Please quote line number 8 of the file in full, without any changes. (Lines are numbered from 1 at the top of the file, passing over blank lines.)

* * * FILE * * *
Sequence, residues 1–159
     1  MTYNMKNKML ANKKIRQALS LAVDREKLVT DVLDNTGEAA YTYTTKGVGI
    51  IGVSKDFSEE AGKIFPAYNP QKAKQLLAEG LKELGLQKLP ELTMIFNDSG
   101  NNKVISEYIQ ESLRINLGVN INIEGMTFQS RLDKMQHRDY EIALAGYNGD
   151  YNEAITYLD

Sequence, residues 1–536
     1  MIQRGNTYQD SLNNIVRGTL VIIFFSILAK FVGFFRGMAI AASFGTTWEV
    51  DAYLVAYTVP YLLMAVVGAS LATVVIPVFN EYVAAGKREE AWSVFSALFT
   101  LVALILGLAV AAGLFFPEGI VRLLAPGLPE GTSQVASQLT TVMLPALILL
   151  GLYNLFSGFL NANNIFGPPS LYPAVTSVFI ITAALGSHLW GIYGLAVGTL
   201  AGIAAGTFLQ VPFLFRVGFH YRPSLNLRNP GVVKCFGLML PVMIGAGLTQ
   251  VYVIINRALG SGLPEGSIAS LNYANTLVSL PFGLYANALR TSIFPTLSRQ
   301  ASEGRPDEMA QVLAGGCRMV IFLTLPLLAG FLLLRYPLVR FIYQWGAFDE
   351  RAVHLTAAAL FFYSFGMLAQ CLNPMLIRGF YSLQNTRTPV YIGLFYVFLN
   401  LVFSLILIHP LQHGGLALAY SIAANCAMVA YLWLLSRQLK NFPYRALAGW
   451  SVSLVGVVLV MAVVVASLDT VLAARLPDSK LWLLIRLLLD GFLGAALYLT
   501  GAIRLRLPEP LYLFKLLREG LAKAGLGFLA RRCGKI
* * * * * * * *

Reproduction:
    51  DAYLVAYTVP YLLMAVVGAS LATVVIPVFN EYVAAGKREE AWSVFSALFT